Sandi Hilal awarded  “The Arab Fund for Arts and Culture” for the project of the “Living Room”. When hospitality is exclusive to the state and the public domain, then stateless people have no room for being reciprocal in the generous act of hospitality. The “Living Room” project aims to recognize the private space as an important social and political terrain for communities in exile.

DAAR awarded the 2017 Social Design Circle by the Curry Stone Design Prize.  Listen the interview with Sandi and Alessandro on the “Architecture of the Stateless Nations”


Part III Justification for Inscription (UNESCO nomination dossier) published by the journal of Humanities 2017, 6(3) humanities-06-00066

Photo: Luca Capuano with Carlo Favero



The discussion on “Refugee Heritage” continues in Kassel (Live stream available)

The Parliament of Bodies: A Century of Camps: Refugee Knowledge and Forms of Sovereignty Beyond the Nation-State
August 12 (6:30–10 pm) and August 13 (12–3 pm)
Fridericianum, Friedrichsplatz 18, Kassel

Live stream available

With: Isshaq Al-Barbary, Niklas Goldbach, Sandi Hilal, Elias Khoury, Khalil Abu Laham, Alessandro Petti, Lorenzo Pezzani, Rasha Salti, Jad Tabet, Eyal Weizman

Curated by Rasha Salti and Paul B. Preciado

This gathering of the Parliament of Bodies will explore the genealogies, epistemologies, heritage, and knowledge produced within one of the most poignant and morbid legacies of the twentieth century, namely “refugee camps.” The century’s first refugees were survivors of the genocide of the Armenian populations living in the territory that would soon become the Republic of Turkey between 1915 and 1923. The Armenian genocide marked the emergence of international humanitarian relief to survivors, the establishment of camps, triage stations in neighboring countries, and the international media documenting the horrors of their experience in reports and photographs. The refugee camp invented a political regime without political rights and a visual regime of total exposure and dispossession.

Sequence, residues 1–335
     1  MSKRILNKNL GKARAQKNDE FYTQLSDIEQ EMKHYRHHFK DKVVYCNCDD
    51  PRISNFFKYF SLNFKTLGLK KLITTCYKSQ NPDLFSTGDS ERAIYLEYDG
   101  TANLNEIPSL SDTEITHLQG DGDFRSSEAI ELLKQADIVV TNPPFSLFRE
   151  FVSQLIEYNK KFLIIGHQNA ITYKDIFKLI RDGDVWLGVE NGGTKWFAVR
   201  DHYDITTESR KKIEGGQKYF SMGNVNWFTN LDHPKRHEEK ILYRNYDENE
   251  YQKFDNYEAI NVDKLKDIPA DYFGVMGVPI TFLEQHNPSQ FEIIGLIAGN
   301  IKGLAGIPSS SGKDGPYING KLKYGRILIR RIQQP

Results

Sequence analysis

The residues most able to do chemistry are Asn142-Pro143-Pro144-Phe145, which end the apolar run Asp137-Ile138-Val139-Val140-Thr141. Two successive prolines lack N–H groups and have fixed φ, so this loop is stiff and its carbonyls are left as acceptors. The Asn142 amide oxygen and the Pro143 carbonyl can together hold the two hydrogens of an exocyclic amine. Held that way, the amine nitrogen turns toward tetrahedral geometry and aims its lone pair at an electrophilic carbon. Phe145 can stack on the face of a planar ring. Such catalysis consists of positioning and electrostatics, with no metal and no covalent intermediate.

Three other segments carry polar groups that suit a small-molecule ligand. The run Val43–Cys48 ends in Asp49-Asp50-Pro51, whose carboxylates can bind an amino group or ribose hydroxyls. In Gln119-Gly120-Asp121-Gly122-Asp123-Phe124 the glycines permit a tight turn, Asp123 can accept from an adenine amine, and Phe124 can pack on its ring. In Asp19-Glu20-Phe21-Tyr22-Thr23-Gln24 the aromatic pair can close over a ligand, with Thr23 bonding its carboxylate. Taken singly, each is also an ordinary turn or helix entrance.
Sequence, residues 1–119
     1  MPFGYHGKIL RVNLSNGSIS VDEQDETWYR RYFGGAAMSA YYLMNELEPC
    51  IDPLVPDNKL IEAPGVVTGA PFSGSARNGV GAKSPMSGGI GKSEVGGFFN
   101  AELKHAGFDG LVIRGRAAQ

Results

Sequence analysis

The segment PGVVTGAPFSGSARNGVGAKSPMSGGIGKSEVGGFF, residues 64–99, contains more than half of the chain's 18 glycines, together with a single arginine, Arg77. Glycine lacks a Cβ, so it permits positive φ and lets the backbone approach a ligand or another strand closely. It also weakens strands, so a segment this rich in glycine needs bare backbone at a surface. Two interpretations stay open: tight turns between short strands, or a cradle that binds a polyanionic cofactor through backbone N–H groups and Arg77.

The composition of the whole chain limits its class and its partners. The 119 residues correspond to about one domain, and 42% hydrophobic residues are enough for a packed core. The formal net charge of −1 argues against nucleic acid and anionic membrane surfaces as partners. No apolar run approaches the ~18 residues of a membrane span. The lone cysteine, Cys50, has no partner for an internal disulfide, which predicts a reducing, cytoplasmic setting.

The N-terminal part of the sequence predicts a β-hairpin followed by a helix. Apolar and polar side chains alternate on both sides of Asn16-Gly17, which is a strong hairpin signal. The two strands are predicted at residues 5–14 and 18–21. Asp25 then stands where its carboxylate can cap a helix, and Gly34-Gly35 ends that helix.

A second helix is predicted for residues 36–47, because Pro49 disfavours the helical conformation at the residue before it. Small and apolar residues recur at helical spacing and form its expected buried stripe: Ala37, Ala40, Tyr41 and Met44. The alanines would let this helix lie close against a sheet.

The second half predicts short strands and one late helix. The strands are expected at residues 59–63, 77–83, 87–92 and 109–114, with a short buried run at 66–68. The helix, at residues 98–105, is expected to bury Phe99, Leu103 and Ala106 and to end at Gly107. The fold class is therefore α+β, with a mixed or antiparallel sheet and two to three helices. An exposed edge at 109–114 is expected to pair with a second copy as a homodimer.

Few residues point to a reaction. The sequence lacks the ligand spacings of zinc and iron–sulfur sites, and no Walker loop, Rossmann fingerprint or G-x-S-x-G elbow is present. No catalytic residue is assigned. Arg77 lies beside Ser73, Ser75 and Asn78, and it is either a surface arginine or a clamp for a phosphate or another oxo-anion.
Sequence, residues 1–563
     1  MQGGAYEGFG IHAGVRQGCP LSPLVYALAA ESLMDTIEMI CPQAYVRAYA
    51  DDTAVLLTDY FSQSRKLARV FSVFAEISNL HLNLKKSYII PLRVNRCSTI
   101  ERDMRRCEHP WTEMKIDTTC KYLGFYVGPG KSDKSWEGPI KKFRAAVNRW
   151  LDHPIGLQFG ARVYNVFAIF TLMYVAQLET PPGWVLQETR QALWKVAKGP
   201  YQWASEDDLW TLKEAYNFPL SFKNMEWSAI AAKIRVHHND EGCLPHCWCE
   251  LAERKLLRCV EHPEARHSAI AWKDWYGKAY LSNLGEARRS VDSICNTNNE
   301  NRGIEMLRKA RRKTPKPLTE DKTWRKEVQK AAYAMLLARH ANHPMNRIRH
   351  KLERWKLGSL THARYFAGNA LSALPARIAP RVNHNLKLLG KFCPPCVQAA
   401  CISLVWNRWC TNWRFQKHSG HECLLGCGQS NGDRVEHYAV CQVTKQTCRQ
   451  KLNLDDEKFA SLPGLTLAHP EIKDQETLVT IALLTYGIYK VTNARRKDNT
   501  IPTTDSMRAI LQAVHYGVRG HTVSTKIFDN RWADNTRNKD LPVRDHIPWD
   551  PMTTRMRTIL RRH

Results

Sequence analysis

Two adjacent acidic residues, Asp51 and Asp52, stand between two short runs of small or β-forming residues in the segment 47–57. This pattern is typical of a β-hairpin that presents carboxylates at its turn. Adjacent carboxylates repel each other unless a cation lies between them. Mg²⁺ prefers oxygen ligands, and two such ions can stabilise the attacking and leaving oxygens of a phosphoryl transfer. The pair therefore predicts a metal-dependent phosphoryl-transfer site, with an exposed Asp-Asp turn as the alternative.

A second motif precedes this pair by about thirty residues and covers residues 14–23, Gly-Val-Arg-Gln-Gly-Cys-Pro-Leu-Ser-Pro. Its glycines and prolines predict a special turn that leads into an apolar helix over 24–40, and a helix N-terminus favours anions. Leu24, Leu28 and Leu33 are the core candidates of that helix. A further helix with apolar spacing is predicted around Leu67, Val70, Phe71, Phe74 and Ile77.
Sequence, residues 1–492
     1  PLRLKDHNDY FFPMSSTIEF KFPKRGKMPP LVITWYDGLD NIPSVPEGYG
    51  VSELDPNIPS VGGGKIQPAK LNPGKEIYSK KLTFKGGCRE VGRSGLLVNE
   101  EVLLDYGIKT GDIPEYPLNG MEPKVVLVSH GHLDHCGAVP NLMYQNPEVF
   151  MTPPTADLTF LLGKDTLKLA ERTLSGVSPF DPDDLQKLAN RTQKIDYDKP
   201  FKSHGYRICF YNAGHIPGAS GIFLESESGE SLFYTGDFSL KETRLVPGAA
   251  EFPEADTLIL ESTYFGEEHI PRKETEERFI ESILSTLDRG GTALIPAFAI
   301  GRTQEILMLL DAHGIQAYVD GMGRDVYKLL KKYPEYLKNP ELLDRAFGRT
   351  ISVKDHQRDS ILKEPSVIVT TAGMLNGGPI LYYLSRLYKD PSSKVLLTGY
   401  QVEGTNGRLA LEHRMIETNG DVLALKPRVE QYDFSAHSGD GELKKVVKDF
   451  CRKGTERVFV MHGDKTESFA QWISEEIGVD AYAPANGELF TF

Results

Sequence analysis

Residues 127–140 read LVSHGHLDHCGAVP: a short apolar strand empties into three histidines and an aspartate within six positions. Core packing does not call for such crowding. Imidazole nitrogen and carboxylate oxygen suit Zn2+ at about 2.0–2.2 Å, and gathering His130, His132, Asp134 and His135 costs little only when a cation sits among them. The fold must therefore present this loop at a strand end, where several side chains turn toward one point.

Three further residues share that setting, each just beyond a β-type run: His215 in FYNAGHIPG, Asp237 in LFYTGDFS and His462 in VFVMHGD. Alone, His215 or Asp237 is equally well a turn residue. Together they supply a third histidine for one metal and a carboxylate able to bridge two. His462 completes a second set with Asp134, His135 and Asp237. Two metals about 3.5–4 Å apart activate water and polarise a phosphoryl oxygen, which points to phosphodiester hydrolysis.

Throughout the past century, scholarship, theory, and policy have focused on citizenship and the nation state, while all other forms of community formation, economic and urban organization, as well as the fabric of social relations outside the paradigms of the state and citizenship are perceived as theoretically exceptional, pertaining to anthropology, ethnography, and humanitarian contingency. Established based on the principles of temporariness and impermanence, camps have prevailed for longer than half a century, and generations of their dwellers were born into the world carrying their identity as refugees, even if they had not themselves experienced the forced displacement that their parents or grandparents experienced. Over time, refugee camps become districts in cities, and refugees the denizens, indentured laborers, the “guest others” of a national economy. A hundred years after the Armenian genocide, the number of people who are identified as refugees has increased exponentially. Humanitarian organizations entrusted with their survival and destiny are so profoundly institutionalized that they have become normalized and commonplace, yet the perception of what camps represent remains “outside” the realms of useful knowledge, of ways of acting and being in the world.

This forum, within the Parliament of Bodies, proposes to reverse the paradigms and explore refugee camps and being a refugee in the world as central, rather than epiphenomenal, exceptional, or temporary notions. From Beirut to Calais, from Lesbos to Zaatari, we invite architects, urban planners, theorists, filmmakers, artists, writers, and activists to reflect on the knowledge accumulated and transmitted from life in the camps, the myriad histories of acting, building, resisting, and negotiating power and authority; producing community, space, and temporality. The legacy of a century of refugee camps constitutes fertile terrain to interrogate the normative paradigms of nation state and citizenship and reevaluate different cosmogonies for the organization of society, relations of authority and power, as well as production of economy, space and time.